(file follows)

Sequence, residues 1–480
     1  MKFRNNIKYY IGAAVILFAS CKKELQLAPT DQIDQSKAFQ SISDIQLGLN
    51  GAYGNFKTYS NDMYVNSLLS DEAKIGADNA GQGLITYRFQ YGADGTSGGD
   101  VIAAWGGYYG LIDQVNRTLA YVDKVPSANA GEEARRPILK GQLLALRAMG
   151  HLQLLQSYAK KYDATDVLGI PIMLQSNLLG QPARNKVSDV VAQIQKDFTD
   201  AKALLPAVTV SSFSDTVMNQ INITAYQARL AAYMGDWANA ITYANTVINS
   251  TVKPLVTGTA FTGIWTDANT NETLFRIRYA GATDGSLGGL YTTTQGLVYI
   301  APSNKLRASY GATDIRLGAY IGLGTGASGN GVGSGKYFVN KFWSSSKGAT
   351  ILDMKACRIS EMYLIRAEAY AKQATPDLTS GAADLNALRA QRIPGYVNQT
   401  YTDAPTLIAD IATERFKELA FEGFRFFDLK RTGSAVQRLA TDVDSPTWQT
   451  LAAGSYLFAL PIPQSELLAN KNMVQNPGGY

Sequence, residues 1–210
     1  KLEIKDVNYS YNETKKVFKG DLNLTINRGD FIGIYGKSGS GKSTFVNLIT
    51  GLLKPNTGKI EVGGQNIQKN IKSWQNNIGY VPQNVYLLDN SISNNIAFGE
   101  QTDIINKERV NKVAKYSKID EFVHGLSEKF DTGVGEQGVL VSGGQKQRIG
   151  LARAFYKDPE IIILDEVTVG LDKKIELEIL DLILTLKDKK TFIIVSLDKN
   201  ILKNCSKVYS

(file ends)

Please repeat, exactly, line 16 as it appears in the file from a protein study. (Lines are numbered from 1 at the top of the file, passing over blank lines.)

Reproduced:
   151  LARAFYKDPE IIILDEVTVG LDKKIELEIL DLILTLKDKK TFIIVSLDKN